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Feature | Sept. 15, 2006

I was at Langley Air Force Base

By Staff Sgt. Thomas J. Doscher 1st Fighter Wing Public Affairs

By now it is something people expect to hear when the attacks come up in conversation.
"Where were you on Sept. 11?" 

For some of the men and women directly involved with the attack's aftermath, the answer is, "I was at Langley Air Force Base, and I was in the fight." 

Airmen from all over Langley were involved, in one form or another, with the response to the Sept. 11 terrorist attacks. 

Members of the 119th Fighter Wing alert detachment knew what they had to do before the alert klaxon ever went off. 

Senior Master Sgt. Robert Schacht, 119th FW chief enlisted manager, was a crew chief sitting alert that day. 

"We had cable TV, and CNN was on," he remembered. "We saw that a plane had hit the World Trade Center. As soon as we saw the second plane hit, we knew we were going to be scrambled. Then the order came down, and I scrambled with the other crew chiefs and assisted with the launching." 

Tech. Sgt. Christopher Plath, 119th FW crew chief, had only just arrived at Langley and was still living in the Langley Inns. He didn't wait around for a recall. 

"I saw what was going on and I went to work," he said. "I knew we would be involved in some way, shape or form in something like that. By the time I got to work, they had already taken off. I assisted in loading the rest of the jets we had and recovering the jets when they got back." 

As F-16s from the 119th were taking off, the 1st Fighter Wing was working to get their own birds in the air. 

"I was in the 71st Fighter Squadron, preparing aircraft for our first go for local flying," said Chief Master Sgt. Charles Forest, 1st Aircraft Maintenance Squadron. "I supervised the preparation and launch of our aircraft to go protect our nation. I thought we were at war, and whoever was behind it would have hell to pay!"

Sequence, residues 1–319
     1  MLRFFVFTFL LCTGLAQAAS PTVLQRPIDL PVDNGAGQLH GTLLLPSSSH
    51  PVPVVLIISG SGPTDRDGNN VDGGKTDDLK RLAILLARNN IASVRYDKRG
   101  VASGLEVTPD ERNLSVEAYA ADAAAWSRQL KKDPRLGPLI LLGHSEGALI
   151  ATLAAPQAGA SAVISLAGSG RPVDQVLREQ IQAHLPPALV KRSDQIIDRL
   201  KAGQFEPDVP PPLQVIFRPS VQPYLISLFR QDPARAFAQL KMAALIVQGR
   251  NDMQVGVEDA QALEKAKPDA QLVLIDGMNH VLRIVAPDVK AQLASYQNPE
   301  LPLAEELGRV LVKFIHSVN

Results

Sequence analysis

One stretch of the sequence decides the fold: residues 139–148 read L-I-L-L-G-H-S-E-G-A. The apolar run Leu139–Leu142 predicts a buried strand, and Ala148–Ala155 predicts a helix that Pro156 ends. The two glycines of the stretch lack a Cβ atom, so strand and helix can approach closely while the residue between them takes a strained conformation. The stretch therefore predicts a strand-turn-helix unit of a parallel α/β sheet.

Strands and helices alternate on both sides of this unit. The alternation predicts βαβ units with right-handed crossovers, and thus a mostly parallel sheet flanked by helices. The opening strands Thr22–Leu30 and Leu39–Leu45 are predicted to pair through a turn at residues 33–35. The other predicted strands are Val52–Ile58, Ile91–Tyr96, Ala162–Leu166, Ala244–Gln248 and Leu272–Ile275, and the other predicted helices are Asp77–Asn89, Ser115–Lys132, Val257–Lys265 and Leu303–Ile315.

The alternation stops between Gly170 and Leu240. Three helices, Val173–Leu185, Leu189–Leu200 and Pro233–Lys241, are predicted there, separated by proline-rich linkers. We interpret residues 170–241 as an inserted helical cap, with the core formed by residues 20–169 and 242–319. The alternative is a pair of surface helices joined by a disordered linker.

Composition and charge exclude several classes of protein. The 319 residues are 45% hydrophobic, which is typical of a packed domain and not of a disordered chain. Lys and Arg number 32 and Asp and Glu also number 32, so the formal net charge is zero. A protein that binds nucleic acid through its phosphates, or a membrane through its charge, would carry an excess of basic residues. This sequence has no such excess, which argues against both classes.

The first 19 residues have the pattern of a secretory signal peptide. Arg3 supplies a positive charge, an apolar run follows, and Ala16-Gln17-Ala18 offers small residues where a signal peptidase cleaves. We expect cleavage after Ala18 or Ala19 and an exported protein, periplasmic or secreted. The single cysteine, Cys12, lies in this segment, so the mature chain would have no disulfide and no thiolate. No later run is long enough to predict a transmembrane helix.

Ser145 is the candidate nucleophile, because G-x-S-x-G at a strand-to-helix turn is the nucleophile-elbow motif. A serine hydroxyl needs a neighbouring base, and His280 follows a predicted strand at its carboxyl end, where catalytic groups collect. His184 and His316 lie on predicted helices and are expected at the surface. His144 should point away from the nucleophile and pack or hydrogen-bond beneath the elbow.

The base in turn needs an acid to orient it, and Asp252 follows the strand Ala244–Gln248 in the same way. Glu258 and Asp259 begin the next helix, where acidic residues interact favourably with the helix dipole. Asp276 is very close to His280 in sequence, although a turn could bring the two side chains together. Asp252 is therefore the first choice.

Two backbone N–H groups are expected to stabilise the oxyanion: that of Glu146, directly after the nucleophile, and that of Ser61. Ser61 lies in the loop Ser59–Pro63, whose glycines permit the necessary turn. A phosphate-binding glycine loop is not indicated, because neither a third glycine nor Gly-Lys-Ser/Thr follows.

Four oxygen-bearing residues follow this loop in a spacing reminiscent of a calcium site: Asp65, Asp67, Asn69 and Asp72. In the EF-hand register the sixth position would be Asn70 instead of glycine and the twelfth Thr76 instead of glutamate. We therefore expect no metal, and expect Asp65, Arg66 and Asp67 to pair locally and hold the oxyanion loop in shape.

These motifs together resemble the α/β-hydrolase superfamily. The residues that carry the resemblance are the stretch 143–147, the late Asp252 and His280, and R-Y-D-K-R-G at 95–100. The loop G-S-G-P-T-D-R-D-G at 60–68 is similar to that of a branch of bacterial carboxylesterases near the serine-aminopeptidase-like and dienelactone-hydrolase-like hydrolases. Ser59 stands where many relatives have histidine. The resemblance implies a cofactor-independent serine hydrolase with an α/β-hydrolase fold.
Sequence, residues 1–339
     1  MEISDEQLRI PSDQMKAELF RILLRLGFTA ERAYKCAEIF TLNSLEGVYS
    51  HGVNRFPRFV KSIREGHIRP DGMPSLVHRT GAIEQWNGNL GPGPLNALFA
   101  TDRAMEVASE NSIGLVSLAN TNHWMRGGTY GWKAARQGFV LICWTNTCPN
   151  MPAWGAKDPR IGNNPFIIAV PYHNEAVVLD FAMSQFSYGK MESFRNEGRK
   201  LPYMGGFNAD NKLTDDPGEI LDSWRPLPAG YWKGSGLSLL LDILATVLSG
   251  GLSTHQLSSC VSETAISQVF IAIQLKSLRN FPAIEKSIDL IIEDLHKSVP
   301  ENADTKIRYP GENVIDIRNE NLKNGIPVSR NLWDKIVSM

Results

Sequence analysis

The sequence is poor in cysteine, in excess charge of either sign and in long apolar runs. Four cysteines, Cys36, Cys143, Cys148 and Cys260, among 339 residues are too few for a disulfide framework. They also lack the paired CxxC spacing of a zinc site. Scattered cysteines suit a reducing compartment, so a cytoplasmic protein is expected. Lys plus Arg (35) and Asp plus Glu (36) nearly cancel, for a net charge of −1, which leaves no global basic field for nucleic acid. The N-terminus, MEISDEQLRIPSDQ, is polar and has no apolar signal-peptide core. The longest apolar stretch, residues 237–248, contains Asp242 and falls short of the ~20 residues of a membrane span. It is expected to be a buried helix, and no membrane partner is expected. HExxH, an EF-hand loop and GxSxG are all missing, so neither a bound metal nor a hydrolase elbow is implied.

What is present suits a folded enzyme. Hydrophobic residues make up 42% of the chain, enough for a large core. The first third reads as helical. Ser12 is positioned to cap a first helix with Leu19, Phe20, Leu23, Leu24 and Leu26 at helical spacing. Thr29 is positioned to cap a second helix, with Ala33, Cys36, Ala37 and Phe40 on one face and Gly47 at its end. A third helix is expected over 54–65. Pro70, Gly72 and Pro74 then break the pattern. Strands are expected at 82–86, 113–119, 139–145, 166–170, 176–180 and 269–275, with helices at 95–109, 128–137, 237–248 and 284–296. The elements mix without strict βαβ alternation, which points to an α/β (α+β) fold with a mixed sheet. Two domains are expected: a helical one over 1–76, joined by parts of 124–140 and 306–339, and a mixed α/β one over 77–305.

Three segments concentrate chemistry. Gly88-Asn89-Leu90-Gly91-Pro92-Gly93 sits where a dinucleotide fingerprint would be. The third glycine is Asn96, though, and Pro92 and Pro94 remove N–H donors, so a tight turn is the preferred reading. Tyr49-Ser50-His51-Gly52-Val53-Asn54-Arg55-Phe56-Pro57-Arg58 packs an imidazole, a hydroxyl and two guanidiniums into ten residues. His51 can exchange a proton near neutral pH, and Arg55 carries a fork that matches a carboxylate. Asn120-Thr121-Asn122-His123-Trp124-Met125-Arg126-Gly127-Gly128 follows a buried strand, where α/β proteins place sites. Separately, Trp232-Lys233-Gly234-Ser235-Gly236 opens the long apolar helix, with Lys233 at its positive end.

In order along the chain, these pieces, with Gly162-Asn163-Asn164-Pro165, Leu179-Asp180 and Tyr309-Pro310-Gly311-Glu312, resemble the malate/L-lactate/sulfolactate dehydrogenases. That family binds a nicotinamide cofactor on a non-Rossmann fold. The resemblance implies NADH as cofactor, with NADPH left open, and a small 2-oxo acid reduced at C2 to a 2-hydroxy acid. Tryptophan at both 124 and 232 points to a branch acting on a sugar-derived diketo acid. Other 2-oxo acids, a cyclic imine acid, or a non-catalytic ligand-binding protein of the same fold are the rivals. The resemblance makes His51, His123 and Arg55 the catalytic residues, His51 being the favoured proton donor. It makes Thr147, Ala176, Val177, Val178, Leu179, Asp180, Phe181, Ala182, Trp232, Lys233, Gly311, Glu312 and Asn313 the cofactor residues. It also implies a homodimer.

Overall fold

Tech. Sgt. Brad Schoffstall hit the ground running when he arrived at work that day.
"I was coming in the West Gate as the second plane crashed," he said. "After the second plane crashed, everything got very surreal. It's hard to believe someone was attacking the U.S." 

While finding men and women eager to help was easy, finding the weapons to fight a possible air-to-air engagement in the middle of the continental United States was something else. 

"We had most of our F-15s at Nellis, and we got our airplanes on DCA (Defense Counter Air) alert shortly after the attack," said Col. Tom Bergeson, 1st Operations Group commander and then-71st FS commander. "It was an amazing thing to find weapons to load for DCA in the middle of the U.S." 

Some F-15s raced to rendezvous with and escort Air Force One, wary of a possible strike on the Commander-In-Chief. 

"It was eerie flying over the U.S.," Colonel Bergeson said. "No one else was airborne."
Five years later and looking back on a darker day, the men and women who took part in the response to 9-11 from Langley say their training kicked in just as they knew it would. 

"When it comes time to do the job, all the training we do pays off," said Sergeant Schacht. "You are performing as you have been trained. It held true that day and every day since." 

In the years since, Langley's alert birds have trained for a new, more frightening mission; a response to another Sept. 11 attack.

"I felt we were ready for a different kind of threat then," Sergeant Schacht said. "We responded quickly and efficiently, and we train for that threat all the time. We are fast enough to give decision makers plenty of options." 

For some, the Sept. 11 attacks hardened their resolve and made them realize the importance of what they do. 

"It makes people step back and look at their part," said Sergeant Plath. "I know what I was doing was extremely important. It makes me proud to be in the alert business." 

Twenty years from now, when their children or grandchildren ask, these Airmen will be able to say, "I was at Langley Air Force Base, and I was in the fight."